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Can interactive exhibits enhance the museum experience?

resized_Headrest.jpg
Turkana or Pokot<br />
Kenya<br />
Headrest, third quarter of 20th century<br />
Wood, metal<br />
Gift - Fetterly's
Turkana or Pokot Kenya Headrest, third quarter of 20th century Wood, metal Gift - Fetterly's

The Minneapolis Institute of Art is featuring an exhibit called iAfrica Connecting with Sub-Saharan Art which is an experiment using African pieces drawn mainly from their larger permanent collection and introducing them with interactive tools to test the effectiveness in creating a better understanding of the objects displayed.
 

To guide the viewer in his museum experience the interactive aides include: wall text panels, color-coded “zones”, individual object labels, laminated cards, videos, music recordings, google maps, handheld devices, “smell experiences”, and manual turning cases.
 

The question is do these devices actually provide a more enriching experience? To answer this question we must first understand the function of the museum and perhaps some of the limitations of a typical exhibit.
 

Museums are a source of public education outside of formal classes. They exhibit tangible evidence of people, their culture, and their environments. Their purpose is to educate, preserve, and promote cultural heritage, which provides a framework of understanding for our future.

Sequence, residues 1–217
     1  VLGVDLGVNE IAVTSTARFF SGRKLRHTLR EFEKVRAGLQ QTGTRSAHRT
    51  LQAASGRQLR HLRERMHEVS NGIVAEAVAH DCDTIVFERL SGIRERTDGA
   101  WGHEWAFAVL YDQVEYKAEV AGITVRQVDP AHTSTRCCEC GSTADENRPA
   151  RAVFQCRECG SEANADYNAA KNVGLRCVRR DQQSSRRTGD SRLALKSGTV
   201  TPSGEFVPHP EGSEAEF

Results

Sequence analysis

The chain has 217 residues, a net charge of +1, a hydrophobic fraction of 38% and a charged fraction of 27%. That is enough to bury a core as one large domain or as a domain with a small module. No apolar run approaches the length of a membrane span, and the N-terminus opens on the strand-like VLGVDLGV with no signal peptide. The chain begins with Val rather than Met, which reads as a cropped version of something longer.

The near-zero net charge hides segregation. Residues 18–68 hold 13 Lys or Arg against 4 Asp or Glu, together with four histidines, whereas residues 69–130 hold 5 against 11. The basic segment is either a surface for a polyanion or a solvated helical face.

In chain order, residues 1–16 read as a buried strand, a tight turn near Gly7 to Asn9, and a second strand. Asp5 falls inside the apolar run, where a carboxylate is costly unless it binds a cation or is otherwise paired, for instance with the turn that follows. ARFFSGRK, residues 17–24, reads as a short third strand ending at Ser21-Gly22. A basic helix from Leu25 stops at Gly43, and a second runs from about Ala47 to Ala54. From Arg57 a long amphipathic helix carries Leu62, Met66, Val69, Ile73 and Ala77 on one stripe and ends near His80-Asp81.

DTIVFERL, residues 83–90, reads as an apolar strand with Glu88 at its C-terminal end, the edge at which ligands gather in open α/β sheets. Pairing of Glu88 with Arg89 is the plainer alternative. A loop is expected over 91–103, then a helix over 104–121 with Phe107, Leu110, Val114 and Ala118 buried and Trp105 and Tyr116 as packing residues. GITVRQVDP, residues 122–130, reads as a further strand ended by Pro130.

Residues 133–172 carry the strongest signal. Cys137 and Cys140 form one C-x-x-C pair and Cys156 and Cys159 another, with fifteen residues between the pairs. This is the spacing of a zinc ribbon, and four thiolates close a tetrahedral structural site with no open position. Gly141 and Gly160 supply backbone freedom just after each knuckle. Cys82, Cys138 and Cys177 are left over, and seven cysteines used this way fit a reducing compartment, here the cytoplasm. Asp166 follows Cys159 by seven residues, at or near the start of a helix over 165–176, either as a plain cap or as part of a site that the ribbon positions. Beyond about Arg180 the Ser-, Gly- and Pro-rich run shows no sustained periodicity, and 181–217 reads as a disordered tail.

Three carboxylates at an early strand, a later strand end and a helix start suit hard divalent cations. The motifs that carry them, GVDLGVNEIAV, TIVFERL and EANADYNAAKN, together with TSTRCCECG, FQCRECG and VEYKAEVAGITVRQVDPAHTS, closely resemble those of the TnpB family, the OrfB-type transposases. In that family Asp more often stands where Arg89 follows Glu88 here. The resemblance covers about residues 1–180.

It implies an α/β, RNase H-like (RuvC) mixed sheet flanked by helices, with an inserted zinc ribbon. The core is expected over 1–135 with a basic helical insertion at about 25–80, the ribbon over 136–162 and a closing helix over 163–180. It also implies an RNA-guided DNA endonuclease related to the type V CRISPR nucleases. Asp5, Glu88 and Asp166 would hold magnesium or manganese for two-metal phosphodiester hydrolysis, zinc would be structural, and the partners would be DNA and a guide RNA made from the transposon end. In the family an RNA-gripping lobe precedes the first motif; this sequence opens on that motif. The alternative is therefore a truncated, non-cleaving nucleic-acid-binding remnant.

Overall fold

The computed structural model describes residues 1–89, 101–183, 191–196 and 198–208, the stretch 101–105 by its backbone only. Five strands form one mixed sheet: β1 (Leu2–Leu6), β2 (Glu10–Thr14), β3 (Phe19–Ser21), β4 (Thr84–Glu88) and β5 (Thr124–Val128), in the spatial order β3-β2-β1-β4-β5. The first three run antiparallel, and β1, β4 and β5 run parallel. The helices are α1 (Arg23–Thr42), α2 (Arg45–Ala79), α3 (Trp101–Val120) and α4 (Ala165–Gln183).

In a typical exhibit a viewer walks into a room with several displays guided only by object labels which tend to be overlooked by the general public. Museum labels provide interesting ethnography vital to the interpretation of the object, overlooking them or having limited comprehension prevents the viewer from bonding with the object.
 

iAfrica Connecting with Sub-Saharan Art addresses these limitations by not only providing the museum label but an interactive aide to guarantee a more complete understanding of the object and its purpose.
 

For example Turkana or Pokot, a headrest from Kenya made of wood and metal may be overlooked because of the simplicity in design and general lack of overall appeal. But because it has been included in the interactive exhibit the viewers are prompted to smell the cheesy aroma that permeates from the headrest as a part of their experience. This engagement paired with the label, which provides a comprehensive description of the headrests functionality and cause of the pungent smell, creates a learning experience which is the missing link in a typical exhibit.
 

Art can be a beneficial learning tool when paired with formal studies. But it is the combination of interactive learning and not the cursory glance that makes the difference. 
 

This exhibit is on display until April 18, 2010.  Please visit and don't forget to submit your feedback and reactions, which are crucial to the experiment.

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